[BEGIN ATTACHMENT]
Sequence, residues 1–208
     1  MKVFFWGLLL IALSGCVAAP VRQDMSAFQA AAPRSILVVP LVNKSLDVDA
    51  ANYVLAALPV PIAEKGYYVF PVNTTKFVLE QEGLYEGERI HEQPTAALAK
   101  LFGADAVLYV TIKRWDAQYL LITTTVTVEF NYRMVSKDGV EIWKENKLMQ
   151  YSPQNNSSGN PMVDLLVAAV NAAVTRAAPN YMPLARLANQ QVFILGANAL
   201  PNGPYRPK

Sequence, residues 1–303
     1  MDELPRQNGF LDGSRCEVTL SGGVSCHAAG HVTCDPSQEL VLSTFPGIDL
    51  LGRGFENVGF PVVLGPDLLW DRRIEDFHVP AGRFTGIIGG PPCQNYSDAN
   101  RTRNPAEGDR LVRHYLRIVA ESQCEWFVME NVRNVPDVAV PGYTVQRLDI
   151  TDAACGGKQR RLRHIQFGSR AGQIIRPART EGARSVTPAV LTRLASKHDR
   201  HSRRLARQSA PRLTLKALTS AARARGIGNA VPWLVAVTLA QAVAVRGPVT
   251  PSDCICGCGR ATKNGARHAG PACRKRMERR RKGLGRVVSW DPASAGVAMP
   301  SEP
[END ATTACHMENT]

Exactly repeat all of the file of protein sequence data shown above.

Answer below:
Sequence, residues 1–208
     1  MKVFFWGLLL IALSGCVAAP VRQDMSAFQA AAPRSILVVP LVNKSLDVDA
    51  ANYVLAALPV PIAEKGYYVF PVNTTKFVLE QEGLYEGERI HEQPTAALAK
   101  LFGADAVLYV TIKRWDAQYL LITTTVTVEF NYRMVSKDGV EIWKENKLMQ
   151  YSPQNNSSGN PMVDLLVAAV NAAVTRAAPN YMPLARLANQ QVFILGANAL
   201  PNGPYRPK

Sequence, residues 1–303
     1  MDELPRQNGF LDGSRCEVTL SGGVSCHAAG HVTCDPSQEL VLSTFPGIDL
    51  LGRGFENVGF PVVLGPDLLW DRRIEDFHVP AGRFTGIIGG PPCQNYSDAN
   101  RTRNPAEGDR LVRHYLRIVA ESQCEWFVME NVRNVPDVAV PGYTVQRLDI
   151  TDAACGGKQR RLRHIQFGSR AGQIIRPART EGARSVTPAV LTRLASKHDR
   201  HSRRLARQSA PRLTLKALTS AARARGIGNA VPWLVAVTLA QAVAVRGPVT
   251  PSDCICGCGR ATKNGARHAG PACRKRMERR RKGLGRVVSW DPASAGVAMP
   301  SEP